Hello and welcome!
Today’s guest is:
The Black-Tailed Prairie Dog
Prairie dogs are burrowing squirrels that get their name from one of their various alarm calls which sounds like a bark. They’re found in the open plains and plateaus of North America. They can live up to 8 years in captivity.
Check out my black-tipped tail!
They used to live in huge colonies called “towns” often containing several thousand individuals and covering many acres. But because they compete with domestic livestock for food and eat cultivated crops, farmers consider them as pests and destroy their colonies. Prairie Dogs have a high-pitched, bark-like call. Recent studies suggest that Prairie Dogs possess the most sophisticated of all natural animal languages. They apparently issue different sounds identifying various predators, which include hawks, owls, eagles, ravens, coyotes, badgers, ferrets and snakes. Prairie Dogs can run up to 35 miles per hour for short distances. The Prairie Dog has only one defense that works -- raising the alarm and disappearing quickly.
The Prairie Dog digs its own burrows. There is a well-constructed and frequently reinforced dike against flooding from sudden rains. The entrance holes themselves are funnel-shaped, from 3 to 4 inches in diameter.When a predator approaches, the first alert Prairie Dog gives a sharp warning call, bobs up and down in excitement, calls again and then plunges below. The danger signal is a 2-syllable bark, issued at about 40 per minute. Other sentinels farther from the danger zone take up the watch, monitoring the course of the predator.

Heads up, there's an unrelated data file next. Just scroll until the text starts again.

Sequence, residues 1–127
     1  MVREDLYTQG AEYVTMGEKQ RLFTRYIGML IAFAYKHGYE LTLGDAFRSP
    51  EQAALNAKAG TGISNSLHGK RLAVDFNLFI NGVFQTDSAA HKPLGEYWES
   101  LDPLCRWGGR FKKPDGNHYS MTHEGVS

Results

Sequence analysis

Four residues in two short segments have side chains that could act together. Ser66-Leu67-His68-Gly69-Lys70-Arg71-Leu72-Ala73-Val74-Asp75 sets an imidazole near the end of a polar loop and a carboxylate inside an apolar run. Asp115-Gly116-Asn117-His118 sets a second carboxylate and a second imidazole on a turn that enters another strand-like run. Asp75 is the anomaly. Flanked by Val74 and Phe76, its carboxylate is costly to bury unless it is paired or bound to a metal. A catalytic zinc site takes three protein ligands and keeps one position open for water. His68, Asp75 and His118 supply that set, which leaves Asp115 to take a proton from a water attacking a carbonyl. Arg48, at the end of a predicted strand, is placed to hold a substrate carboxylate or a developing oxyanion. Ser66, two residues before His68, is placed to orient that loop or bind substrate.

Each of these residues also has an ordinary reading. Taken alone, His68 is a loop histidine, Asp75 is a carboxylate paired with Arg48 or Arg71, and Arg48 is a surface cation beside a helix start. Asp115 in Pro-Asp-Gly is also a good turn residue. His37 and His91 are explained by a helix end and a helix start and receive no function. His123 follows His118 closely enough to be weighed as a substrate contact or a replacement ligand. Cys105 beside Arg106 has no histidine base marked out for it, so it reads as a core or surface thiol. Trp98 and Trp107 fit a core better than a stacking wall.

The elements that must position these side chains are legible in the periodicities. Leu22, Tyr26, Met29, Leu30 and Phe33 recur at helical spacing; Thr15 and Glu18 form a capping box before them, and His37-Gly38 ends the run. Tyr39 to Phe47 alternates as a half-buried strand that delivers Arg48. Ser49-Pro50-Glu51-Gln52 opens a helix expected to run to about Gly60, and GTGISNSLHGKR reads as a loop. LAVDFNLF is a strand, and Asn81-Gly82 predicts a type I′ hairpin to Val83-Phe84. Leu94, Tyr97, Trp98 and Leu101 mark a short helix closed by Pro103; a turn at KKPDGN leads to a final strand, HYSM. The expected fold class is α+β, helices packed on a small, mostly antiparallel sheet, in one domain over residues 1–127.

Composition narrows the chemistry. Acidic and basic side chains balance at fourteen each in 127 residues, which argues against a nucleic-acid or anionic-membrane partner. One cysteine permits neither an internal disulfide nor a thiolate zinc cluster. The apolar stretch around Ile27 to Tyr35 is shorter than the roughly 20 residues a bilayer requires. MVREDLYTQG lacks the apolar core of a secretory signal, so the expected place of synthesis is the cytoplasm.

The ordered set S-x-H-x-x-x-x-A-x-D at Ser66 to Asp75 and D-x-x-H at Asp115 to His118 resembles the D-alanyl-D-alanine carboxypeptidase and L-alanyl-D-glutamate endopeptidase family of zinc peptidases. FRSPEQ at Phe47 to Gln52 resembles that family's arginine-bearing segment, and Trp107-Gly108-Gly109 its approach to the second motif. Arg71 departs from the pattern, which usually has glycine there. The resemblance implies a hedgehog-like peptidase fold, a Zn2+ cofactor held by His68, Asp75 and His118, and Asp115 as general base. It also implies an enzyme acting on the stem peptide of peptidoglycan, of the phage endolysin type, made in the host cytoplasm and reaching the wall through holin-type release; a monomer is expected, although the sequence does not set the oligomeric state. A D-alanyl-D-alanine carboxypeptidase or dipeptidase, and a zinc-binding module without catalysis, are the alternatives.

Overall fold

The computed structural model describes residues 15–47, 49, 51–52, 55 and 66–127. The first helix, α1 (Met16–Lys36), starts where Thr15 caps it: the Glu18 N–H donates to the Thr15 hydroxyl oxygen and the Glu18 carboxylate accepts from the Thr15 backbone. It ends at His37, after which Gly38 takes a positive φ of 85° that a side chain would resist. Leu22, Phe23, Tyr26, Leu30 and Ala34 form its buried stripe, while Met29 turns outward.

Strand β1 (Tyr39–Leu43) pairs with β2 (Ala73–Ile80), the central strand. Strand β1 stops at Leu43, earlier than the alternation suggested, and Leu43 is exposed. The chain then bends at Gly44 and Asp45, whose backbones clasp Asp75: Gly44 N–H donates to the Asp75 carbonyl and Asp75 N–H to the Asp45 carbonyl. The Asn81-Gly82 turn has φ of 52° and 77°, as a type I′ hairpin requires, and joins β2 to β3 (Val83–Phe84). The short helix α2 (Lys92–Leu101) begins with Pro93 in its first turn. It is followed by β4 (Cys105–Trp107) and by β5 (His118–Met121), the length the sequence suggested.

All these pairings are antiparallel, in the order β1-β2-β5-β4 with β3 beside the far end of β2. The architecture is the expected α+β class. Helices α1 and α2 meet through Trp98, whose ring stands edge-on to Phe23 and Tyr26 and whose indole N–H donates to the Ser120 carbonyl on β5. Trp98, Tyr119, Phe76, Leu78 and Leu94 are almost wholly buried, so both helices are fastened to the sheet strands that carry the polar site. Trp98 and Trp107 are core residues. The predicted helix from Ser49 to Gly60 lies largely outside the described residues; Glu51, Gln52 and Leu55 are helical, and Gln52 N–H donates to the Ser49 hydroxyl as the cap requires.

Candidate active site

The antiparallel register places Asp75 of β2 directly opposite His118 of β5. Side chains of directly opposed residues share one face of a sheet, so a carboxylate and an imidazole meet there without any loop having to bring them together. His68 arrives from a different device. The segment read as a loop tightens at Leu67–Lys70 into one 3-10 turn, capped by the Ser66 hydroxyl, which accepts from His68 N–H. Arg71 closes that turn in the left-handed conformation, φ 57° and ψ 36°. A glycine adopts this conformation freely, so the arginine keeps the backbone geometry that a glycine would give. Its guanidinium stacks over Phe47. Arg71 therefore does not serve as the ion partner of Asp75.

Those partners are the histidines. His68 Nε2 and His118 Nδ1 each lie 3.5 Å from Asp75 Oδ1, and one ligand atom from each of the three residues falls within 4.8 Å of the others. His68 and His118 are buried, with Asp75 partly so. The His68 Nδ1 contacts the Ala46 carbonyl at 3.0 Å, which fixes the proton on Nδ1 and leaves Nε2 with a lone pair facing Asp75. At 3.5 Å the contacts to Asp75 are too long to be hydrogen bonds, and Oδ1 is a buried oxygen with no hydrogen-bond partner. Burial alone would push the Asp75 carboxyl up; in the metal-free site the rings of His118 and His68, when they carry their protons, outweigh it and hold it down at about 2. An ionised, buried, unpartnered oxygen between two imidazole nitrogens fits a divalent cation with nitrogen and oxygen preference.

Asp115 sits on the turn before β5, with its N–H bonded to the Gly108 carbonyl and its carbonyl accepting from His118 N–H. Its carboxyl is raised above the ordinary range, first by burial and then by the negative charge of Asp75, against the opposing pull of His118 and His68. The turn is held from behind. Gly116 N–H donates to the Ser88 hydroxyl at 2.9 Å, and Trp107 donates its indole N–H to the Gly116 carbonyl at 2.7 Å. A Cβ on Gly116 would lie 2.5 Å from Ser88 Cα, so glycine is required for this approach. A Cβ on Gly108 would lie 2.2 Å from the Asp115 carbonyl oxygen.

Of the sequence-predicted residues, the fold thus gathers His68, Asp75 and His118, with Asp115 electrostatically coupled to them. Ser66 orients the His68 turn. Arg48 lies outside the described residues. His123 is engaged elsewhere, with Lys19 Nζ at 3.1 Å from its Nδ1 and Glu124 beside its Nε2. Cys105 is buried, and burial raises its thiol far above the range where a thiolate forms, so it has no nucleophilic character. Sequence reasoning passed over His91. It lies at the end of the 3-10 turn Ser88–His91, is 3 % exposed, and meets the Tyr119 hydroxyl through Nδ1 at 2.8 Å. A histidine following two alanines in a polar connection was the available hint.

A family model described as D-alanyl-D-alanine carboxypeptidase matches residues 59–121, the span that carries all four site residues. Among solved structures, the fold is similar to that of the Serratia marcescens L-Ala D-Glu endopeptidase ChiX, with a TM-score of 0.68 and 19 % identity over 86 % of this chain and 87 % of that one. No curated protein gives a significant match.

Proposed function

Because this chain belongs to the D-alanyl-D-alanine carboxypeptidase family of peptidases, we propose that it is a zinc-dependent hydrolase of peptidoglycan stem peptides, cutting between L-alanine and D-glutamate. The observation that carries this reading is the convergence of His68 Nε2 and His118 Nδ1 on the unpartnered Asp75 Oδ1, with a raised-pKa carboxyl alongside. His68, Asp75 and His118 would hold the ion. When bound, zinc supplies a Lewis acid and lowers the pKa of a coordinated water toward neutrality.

Because they eat as much as 7 percent of a ranch's forage, Prairie Dog eradication programs have been underway for decades in the American West. But a growing number of experts argue that Prairie Dogs may actually be beneficial, that they are natural fertilizers who also increase the protein content and digestibility of rangeland grasses. Today, after decades of eradication by federal, state, and local governments, devastation from disease, poisoning, recreational shooting and habitat destruction , Prairie Dogs are rapidly disappearing. More have been exterminated than remain, inhabiting only about 2 percent of their former range. Colonies are being preserved, however, in Wind Cave National Park, Devils Tower National Monument and in the Wichita Mountains Wildlife Reserve.
"Psst! Did you hear that Amy.........."
"Really? Oh my!"
So that's it for today. Join me again next week for the sixth (oh boy) edition!